When importing goods into the UK from a country which is not within the European Union a traveller is able to take advantage of what is commonly known as the ‘duty free allowance’ that is they are permitted to import certain quantities of dutiable goods without having to pay duty on those goods. The current thresholds were established in Section of EU Council Directive 2007/74/EC (20 December 2007). The UK applies the higher threshold(s) for tobacco products which are:
- 200 cigarettes
- 100 cigarillos
- 50 cigars
- 250 grams smoking tobacco
Where a person imports more than a threshold, or more than a total threshold through a combination of tobacco products, duty will become payable.
The rule applied to the transportation of tobacco products within the EU is different, with any inter-EU traveller being granted relief from all import duties so long as the goods in question (for the purposes of this article tobacco products) are for personal use. This relief was notably transcribed into UK law by The Excise Duties (Personal Reliefs) Order 1992 (at Article 4) following the inception of the single market. It continues to subsist today in the same form under the current regulations.
As the Director of Border Revenue has a duty to seek the condemnation of goods improperly imported i.e. which are, insofar as individual tobacco importations are concerned, goods not intended for personal use by the importee the Government issued guidance to assist border officers and the Courts when they try to establish whether an importation of tobacco might be for commercial purposes or not. Lower duty rates in other EU states has long been a driver of cross-channel trips by individuals to purchase significant quantities of tobacco (and other dutiable goods) at a cheaper price. This is permitted. The main issue is the abuse of that duty relief by smugglers who seek to profit from the duty differences between EU states by importing tobacco products for sale, or other commercial purposes.
As part of the guidance it issued to help border officers distinguish between private and commercial importations the government created a list of indicative guidelines as permitted under EU law. Those guidelines are currently:
- 200 cigars
- 400 cigarillos
- 800 cigarettes
- 1kg smoking tobacco
Though it should be noted they were subject to some change between 2002 and 2011. Often in forfeiture proceedings the questions arises as to the legal status of the guidelines, and importees contesting forfeiture will seek to raise concerns that the indicative guidelines are not legal thresholds akin to the duty free allowances from outside the EU. They are correct but it should be noted that the indicative guidelines are not meaningless. They flow from Article 32(3) of EU Council Directive 2008/118/EC (16 December 2008). Article 32 sets out considerations that should be applied when assessing whether an importation is for personal or commercial use and Article 32(3) states that ‘member states may lay down guide levels, solely as a form of evidence’. There is a floor below which the indicative guidelines may not be set and the UK currently adheres to those minimum levels. Article 32(3) therefore makes clear that the indicative levels are not simply a working guideline for border officers beyond which they should seek to raise further questions of importees (though they do function for that purpose), they are also of evidentiary value. This was accepted by the Commissioners of Customs and Excise in the February 2004 tribunal case of Geoffrey Richard Wade v The Commissioners of Customs and Excise [MAN/03/8136] when Mr Puzey for the Commissioners noted that holding ‘goods in excess of the minimum indicative level did not give rise to a persuasive presumption that the goods were held for a commercial purpose but was to be used solely as a form of evidence’.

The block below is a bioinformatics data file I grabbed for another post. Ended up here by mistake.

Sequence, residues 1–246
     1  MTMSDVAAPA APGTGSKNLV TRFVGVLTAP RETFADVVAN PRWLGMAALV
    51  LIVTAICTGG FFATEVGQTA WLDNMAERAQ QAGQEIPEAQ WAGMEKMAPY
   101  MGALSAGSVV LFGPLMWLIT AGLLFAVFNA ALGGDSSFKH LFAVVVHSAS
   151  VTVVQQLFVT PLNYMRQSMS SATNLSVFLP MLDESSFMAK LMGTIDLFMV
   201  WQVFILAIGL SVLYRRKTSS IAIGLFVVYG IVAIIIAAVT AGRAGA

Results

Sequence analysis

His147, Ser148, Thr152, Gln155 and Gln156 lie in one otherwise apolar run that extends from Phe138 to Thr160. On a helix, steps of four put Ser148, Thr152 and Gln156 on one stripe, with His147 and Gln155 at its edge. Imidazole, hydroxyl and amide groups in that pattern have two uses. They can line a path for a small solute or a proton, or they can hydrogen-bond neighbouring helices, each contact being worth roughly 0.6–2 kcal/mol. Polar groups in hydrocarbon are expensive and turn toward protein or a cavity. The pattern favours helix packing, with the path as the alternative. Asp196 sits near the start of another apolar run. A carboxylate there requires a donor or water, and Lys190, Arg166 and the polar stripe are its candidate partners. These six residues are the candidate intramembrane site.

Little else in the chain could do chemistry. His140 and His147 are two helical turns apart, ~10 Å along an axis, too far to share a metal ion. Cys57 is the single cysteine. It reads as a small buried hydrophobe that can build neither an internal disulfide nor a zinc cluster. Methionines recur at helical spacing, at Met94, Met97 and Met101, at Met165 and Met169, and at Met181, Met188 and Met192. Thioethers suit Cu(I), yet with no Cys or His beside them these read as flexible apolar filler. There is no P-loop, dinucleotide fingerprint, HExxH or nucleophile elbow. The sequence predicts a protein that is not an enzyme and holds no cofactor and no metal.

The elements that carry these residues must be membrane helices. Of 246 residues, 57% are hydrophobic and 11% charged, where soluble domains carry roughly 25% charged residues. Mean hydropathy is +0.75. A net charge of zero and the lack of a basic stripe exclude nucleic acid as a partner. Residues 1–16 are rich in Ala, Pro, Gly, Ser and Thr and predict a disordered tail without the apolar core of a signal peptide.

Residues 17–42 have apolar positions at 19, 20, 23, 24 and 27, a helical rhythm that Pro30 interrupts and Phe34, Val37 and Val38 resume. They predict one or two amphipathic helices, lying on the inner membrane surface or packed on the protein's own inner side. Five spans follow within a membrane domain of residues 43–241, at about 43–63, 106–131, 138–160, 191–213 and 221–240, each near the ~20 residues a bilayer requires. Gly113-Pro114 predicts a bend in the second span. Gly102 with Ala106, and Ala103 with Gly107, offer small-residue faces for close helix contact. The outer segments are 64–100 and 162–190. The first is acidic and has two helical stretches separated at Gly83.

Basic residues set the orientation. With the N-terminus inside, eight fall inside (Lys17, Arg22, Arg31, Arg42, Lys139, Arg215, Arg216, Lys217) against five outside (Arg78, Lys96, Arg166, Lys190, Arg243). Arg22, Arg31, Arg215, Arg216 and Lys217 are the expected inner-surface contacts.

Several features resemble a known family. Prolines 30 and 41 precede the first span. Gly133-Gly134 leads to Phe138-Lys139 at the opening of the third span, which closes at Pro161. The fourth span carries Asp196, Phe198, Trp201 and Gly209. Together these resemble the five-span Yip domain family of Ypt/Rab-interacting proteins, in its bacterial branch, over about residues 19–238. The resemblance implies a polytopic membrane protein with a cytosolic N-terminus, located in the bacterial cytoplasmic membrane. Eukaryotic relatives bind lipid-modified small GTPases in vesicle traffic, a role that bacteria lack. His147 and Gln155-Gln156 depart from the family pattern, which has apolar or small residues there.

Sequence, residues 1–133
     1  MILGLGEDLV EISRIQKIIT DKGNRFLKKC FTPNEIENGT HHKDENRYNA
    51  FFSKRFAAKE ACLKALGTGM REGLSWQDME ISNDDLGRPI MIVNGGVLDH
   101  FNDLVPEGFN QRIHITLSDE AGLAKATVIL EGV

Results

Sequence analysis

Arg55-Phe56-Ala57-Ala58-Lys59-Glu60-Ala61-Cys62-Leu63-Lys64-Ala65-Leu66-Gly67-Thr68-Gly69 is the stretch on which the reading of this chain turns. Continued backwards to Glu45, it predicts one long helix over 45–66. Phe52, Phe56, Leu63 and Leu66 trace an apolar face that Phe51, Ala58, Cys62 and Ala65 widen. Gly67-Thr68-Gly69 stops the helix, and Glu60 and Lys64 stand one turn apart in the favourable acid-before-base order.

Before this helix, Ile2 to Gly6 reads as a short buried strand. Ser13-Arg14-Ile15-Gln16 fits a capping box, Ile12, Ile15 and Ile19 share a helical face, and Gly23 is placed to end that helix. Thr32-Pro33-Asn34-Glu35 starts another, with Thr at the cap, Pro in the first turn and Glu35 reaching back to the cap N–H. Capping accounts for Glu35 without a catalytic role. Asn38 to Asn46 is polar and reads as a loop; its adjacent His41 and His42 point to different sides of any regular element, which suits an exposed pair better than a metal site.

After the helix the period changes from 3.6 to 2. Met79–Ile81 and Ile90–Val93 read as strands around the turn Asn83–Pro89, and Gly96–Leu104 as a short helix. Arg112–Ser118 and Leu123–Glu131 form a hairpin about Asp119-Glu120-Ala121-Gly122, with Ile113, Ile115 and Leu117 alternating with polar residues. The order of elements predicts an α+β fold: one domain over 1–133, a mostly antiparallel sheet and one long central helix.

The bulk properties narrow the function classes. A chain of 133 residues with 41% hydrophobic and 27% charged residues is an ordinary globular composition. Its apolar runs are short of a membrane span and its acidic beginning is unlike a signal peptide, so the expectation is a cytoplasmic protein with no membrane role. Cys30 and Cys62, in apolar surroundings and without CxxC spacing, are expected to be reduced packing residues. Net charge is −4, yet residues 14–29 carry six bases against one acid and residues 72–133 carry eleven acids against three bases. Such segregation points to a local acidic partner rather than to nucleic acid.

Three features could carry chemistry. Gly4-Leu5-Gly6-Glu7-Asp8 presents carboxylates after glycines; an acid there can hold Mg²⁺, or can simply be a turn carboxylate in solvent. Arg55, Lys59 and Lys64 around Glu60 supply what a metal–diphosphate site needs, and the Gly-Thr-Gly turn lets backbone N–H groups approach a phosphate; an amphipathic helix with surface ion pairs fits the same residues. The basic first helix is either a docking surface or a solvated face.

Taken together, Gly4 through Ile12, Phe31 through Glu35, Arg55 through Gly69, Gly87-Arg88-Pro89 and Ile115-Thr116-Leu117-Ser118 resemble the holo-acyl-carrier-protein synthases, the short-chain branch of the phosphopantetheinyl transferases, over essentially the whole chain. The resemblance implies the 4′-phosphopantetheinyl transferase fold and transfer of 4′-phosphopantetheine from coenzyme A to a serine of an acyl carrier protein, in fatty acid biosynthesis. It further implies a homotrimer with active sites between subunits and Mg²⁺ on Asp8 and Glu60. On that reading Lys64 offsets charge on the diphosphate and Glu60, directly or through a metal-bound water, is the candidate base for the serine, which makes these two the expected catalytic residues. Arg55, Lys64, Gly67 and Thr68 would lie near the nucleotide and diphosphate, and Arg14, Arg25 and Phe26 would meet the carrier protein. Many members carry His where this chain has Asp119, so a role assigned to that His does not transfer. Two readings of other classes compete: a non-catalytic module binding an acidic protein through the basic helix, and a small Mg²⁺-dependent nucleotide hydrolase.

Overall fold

It should also be noted that Regulation 13(4) of The Excise Goods (Holding, Movement and Duty Point) Regulations 2010 sets out the matters to which and officer or Court must have regard when determining when goods have been imported for personal or commercial use. Regulation 13(4)(h) re-states the indicative guidelines as a matter which must be considered.
It is clear, therefore, that a breach of the indicative guidelines does not mandate condemnation or create in and of itself a ground upon which it can be presumed that the goods were for commercial purposes. Border officers and the Courts will have to continue taking into account the further factors noted in the domestic regulations and EU Directives as well as the facts of each individual case. The indicative guidelines can be used as evidence however, and a breach of them constitutes a form of evidence which should be considered by both officers and the Courts. They should not be treated as a guideline which can be simply dismissed.